Research activity per year

Personal profile


Neale joined the University of Roehampton in September 2010 and is currently Deputy Head of the Department of Life Sciences. Prior to this, Neale has held roles as programme director for BSc Sport and Exercise Science and Sport Psychology programmes (2016-2019), Acting Head of the Sport and Exercise Science Reserach Unit (2013-2014), Senior Lecturer (2013-present), Lecturer (2010-2013), and visiting researcher at Loughborough University (2012). Neale completed his PhD in Neuromuscular Function at Loughborough University (2007-2010), his MSc in Human Movement at the University of Western Australia (2006), and his BSc in Sport and Exercise Sciences at Cardiff Metropolitan University (2001-2004).



PhD, Neuromuscular Function 2007-2011, Loughborough University

M.Sc., Human Movement; 2006-2007, University of Western Australia

B.Sc. (Hons), Sport and Exercise Science; 2001-2004, University of Wales Institute Cardiff

Fellow of the Higher Education Academy

Research interests

Neale mainly studies the neuromechanics of human skeletal-muscle strength in-vivo, with a particular interest in explosive muscle strength - the ability to rapidly produce force, which is functionally important in daily movement and sports performance. Neale's work also assessess how these factors are affected by training, disuse, limb amputation, injury, and heat. Neale employs a range of laboratory techniques in his research, including dynamometry, electromyography, electrical stimulation, transcranial magnetic stimulation, ultrasonography and mathematical modelling. Neale is also leading research into the application of the critical power model of endurance performance to team sport activity for the purposes of monitoring player fitness and workload. If you are interested in completing a PhD with Neale please contact neale.tillin@roehampton.ac.uk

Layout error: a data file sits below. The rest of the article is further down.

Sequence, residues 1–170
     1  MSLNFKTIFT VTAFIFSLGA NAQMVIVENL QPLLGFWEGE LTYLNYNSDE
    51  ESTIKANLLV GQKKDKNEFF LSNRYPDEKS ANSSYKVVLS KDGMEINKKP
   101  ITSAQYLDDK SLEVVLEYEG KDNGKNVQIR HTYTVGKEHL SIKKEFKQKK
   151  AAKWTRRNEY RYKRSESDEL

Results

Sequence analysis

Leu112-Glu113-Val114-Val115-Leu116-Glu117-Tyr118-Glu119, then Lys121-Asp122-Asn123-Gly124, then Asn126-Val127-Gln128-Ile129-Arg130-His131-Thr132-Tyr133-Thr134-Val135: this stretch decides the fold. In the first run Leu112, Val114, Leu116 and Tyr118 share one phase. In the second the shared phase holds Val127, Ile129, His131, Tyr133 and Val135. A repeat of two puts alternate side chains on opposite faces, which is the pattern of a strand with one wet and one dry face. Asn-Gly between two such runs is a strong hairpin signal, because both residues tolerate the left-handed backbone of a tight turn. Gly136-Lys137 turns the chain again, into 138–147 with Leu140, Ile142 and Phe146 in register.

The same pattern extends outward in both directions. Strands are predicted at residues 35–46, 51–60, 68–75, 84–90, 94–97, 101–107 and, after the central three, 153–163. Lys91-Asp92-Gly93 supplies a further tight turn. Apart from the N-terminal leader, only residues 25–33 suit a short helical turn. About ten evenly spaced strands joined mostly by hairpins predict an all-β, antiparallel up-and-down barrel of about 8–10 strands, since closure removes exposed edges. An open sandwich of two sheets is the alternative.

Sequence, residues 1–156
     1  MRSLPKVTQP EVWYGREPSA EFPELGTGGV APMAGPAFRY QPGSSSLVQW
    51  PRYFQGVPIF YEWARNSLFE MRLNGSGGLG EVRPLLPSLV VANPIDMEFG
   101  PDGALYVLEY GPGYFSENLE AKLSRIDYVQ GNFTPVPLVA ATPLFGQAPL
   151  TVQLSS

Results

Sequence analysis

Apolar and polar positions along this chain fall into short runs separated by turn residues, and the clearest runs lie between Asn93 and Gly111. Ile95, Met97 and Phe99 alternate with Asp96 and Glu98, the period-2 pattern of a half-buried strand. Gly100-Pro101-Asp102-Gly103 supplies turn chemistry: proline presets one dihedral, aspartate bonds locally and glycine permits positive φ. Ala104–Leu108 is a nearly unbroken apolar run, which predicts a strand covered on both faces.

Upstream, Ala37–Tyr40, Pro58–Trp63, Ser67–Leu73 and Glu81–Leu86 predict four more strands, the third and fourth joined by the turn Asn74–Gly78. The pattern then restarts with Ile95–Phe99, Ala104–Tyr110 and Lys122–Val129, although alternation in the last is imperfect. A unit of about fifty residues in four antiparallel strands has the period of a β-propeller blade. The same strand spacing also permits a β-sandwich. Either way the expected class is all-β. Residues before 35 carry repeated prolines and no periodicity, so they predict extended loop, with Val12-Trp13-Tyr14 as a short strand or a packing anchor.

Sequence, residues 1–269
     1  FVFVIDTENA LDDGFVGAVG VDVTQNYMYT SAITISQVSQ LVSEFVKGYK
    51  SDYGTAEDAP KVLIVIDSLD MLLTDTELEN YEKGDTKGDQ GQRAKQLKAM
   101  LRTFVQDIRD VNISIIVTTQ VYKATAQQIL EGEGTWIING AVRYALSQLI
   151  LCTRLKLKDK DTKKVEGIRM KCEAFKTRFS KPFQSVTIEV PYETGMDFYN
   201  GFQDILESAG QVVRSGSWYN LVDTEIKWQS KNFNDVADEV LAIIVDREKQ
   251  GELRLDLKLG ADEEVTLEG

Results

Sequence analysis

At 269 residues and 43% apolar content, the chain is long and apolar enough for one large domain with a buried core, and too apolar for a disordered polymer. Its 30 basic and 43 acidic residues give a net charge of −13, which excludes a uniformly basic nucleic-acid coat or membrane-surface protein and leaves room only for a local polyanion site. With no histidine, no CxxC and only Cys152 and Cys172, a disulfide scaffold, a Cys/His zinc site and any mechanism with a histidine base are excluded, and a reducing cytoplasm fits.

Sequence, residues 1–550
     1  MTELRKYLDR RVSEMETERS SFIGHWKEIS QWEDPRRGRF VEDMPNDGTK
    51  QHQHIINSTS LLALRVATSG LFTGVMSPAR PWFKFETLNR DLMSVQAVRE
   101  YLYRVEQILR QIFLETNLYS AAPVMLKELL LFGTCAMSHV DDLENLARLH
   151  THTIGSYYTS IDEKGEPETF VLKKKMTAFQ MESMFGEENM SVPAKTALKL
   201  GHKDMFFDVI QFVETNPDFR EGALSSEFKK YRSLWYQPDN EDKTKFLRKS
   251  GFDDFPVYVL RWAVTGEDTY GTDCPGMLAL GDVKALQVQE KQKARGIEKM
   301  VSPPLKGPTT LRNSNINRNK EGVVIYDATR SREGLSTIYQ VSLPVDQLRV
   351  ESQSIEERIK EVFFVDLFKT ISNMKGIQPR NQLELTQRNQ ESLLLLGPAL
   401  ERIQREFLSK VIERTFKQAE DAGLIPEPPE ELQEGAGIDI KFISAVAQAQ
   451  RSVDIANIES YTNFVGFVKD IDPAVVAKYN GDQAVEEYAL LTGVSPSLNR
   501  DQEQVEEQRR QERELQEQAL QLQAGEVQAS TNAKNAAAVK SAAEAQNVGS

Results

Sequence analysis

Research projects

  • Application of critical power modelling to team sport (STATSport sponsored project)
  • The neuromechanics of rapid muscle force production (PhD, Federico Castelli)
  • The effects of hyperthermia on neuromuscular function (PhD, Ralph Gordon)
  • The effects of disuse on quadriceps muscle strength and neuromuscular function, in individuals with unilateral transtibial amputees (completed PhDs, Amy Sibley and Sarah Moudy)

Professional affiliations

  • International Society of Biomechanics
  • European College of Sport Science
  • Physiological Society


Neale contributes to the teaching of neuromusculoskeletal function, muscle physiology, and athletic training on a number of modules at both undergraduate and postgraduate level.


Collaborations and top research areas from the last five years

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